10. Just a partial reply... I think 7400 series should stop way below 200mHz,
    perhaps 50MHz?

    I would make a small diff amplifier, did something 40 years ago (yes 40!)
    with I think it was BFY90 transistors, then invert with 2 more and drive
    the LVDS input.

    -------------------------------- +5 or + 12
    | | |
    [ ] [ ] [ ] R4
    | |------------ __|__
    |-----|-------- | | |
    |/ \| | | |/>e < \|
    ---| NPN |---- | |----| |---
    in |\> e </ |bias2 | |\ PNP /| |
    |___| | | | |
    | ---------|-----|----
    | / | |
    ---| |---- |----------- LVDS +
    bias | \> | |----------- LVDS -
    | | |
    [ ] [ ] [ ]
    | | R5 | R6
    ---------------------------------------------- GND

    R4 could be a current source too, set it so it is guaranteed that
    the voltage across R5 and R6 (max i in one leg) cannot exceed FPGA
    max in.

    Gives you some input protection
    The 'bias voltages can be generated with diode drop.
    No time now to enter it in spice to get response.....
    You can use simple junction FETS for the first stage too.

    There are also nice chips, but transistors I have always in the box.
  11. Guest

    It's either a 74AC04 or possibly a 74HC04 (it's upside down so I can't
    tell) and it's self oscillating at 294 mhz - (it's stable enough for
    the counter to read... a fast scope shows it approximately as a

    It seems to be oscillating at about 1/tpd... can't even really pull it
    much with finger capacitance - only about 10 mhz.

    Interestingly, if I short a the floating input-output pair of an unused
    inverter with the scope probe, that runs a bit slower around 260 mhz...
    wheras the gate in use has about 20k of resistance in the feedback
    I may give your transistor circuit a try, either with components or
    simulation, thanks.

  12. What about using a stand-alone LVDS receiver? Eg. Pericom
  13. Tim Shoppa

    Tim Shoppa Guest

    I'm surprised any CMOS 7406 variant really goes to 200MHz! I think you
    got lucky with the one that did work.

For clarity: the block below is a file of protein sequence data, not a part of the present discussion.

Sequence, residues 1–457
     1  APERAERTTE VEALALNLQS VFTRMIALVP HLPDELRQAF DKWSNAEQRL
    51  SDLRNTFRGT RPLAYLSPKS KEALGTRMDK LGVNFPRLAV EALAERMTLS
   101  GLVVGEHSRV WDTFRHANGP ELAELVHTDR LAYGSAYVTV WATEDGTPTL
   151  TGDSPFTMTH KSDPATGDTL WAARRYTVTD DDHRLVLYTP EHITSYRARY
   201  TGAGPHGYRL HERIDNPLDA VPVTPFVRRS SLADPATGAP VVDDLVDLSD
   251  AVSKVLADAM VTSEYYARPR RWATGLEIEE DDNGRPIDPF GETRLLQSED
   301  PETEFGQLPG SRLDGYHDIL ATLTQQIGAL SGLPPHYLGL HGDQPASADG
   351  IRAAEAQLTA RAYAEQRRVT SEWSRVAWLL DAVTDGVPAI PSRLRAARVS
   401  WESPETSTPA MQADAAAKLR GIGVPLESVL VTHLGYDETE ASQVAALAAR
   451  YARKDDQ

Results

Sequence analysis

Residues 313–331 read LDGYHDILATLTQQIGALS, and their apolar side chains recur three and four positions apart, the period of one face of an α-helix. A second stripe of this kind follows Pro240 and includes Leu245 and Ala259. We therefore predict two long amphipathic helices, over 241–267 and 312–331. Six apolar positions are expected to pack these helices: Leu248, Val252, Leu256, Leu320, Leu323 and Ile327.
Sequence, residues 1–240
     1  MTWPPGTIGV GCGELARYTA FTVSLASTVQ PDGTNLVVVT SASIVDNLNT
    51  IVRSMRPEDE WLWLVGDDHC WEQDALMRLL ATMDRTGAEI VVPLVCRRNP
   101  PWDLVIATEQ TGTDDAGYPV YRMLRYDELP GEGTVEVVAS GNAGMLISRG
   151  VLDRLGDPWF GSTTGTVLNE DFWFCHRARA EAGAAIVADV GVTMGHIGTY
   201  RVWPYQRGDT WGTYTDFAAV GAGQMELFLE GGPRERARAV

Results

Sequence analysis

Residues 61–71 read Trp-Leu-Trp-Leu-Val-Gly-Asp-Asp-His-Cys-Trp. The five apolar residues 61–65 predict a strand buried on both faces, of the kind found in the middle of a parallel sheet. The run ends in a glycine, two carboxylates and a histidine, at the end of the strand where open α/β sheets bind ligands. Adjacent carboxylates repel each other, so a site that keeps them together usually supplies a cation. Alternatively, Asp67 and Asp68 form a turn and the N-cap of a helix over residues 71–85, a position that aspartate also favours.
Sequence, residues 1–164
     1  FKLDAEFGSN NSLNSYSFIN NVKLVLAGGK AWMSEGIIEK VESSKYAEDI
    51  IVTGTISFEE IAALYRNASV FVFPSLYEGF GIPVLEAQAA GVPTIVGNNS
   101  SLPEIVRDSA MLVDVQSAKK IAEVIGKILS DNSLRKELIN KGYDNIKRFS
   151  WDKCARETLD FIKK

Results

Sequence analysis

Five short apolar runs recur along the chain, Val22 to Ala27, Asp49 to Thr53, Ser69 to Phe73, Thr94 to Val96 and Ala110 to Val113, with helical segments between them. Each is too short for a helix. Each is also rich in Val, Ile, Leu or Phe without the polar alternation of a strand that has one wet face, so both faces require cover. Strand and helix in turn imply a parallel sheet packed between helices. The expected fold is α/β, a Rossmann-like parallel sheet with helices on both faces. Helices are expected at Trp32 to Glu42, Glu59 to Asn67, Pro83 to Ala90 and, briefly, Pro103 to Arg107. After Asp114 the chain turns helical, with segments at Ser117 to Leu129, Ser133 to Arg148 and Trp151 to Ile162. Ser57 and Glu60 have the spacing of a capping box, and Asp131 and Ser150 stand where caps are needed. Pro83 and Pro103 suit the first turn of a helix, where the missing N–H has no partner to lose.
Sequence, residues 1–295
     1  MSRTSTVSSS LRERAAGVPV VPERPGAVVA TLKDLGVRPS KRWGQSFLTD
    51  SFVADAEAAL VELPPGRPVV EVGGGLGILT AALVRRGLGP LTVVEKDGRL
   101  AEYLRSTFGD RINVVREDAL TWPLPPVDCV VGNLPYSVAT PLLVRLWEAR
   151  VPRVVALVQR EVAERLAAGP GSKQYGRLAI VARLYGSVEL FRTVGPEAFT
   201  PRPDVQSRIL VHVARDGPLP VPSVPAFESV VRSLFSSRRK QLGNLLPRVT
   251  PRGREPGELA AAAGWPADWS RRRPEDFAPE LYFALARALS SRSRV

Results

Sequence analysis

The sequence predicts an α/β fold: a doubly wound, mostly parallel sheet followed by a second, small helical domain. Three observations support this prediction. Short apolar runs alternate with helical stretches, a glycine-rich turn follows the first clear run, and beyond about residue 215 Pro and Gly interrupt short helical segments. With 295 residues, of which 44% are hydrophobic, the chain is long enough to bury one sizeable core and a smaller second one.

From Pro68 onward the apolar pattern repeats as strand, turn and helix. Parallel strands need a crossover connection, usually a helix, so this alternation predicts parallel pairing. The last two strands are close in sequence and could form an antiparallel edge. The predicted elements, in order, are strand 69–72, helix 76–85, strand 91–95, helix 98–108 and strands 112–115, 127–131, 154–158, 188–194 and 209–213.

I like high-speed comparators (often called "differential receivers" or
    "LVDS receivers" on the spec sheet) for this.
    The nice thing about differential receivers are:

    1. Easy to set the comparison level.
    2. Lowish input impedance but not too low, such that you set the
    impedance by putting a 50 or 100 or whatever ohm resistor there.
    3. At least for the non-LVDS parts, there's only one or two receivers
    per package so even when it's not SMD it's easy to do dead-bug
    4. They already have some semblance of defined open-circuit response
    (usually called "fail-safe" for some bizarre reason in the spec sheets)
    to prevent oscillating.
    Usually the hex inverter packages cost a little bit more than the
    4xNAND gate packages. It's nice to have the extra input to act as an
    enable etc. And once you start running these parts into the linear
    region you probably do not really trust using the other sections for
    other functions.
    You can even feed in non-balanced RF subject to some limitations.
    VHF? MMIC's, at least as long as you have only need for AC coupling.

  14. Guest


    The FPGA already has a balanced input, lvds. have you tried that with a
    few resistors
    or maybe a RC filter on signal to set the treshold on one input and the
    signal on the other input? or maybe even a cap into a cmos input
    biased to close but not quite vcc/2

    1Vpp should be plenty, think the thresholds for ldvs is max 100mv

  15. Guest

    That sounds like a good idea, because theoretically we actually have
    some on hand somewhere, I'll have to see if I can scare them up.

    While connecting to the FPGA directly would be simpler, I do like the
    idea of using an external chip as a bit of a 'fuse'. (Though
    transformer coupling into the FPGA should reduce some risk)
  16. John  Larkin

    John Larkin Guest

    Second that. We've tested the Xilinx Spartan3 LVDS inputs and they are
    excellent, super-fast comparators.

  17. Guest

    Found one and wired it up as the datasheet suggests - cap coupled input
    to half the differential pair, the other side floating at the reference
    output pin voltage with decoupling cap to ground, terminating resistor
    across the pair. Worked quite well.

    The xilinx S3 kit from digilent doesn't seem to be designed with using
    the differential input capability as the pairs are split up all over
    the place. Not certain that I couldn't bias one input of a pair as a
    reference wherever it is and drive the other pin wherever that is, but
    putting it all in a little package seemed simpler.
  18. Hal Murray

    Hal Murray Guest

    Be sure to check the output with a scope.

    Years ago, I used a PECL=>TTL part. That was real/old, 5V TTL.
    The problem was that I really wanted a CMOS output and what I
    got was a TTL signal that only went up to 4V or so. We had to
    run it through an AC dead-bug to get what we wanted.
  19. Guest

    Good point to keep in mind. In this case though it's all 3.3v
    families, and LVTTL seems to have nearly the same Vih/Vil spec as
    LVCMOS. The part is spec'd with minimum Voh of 2.4v.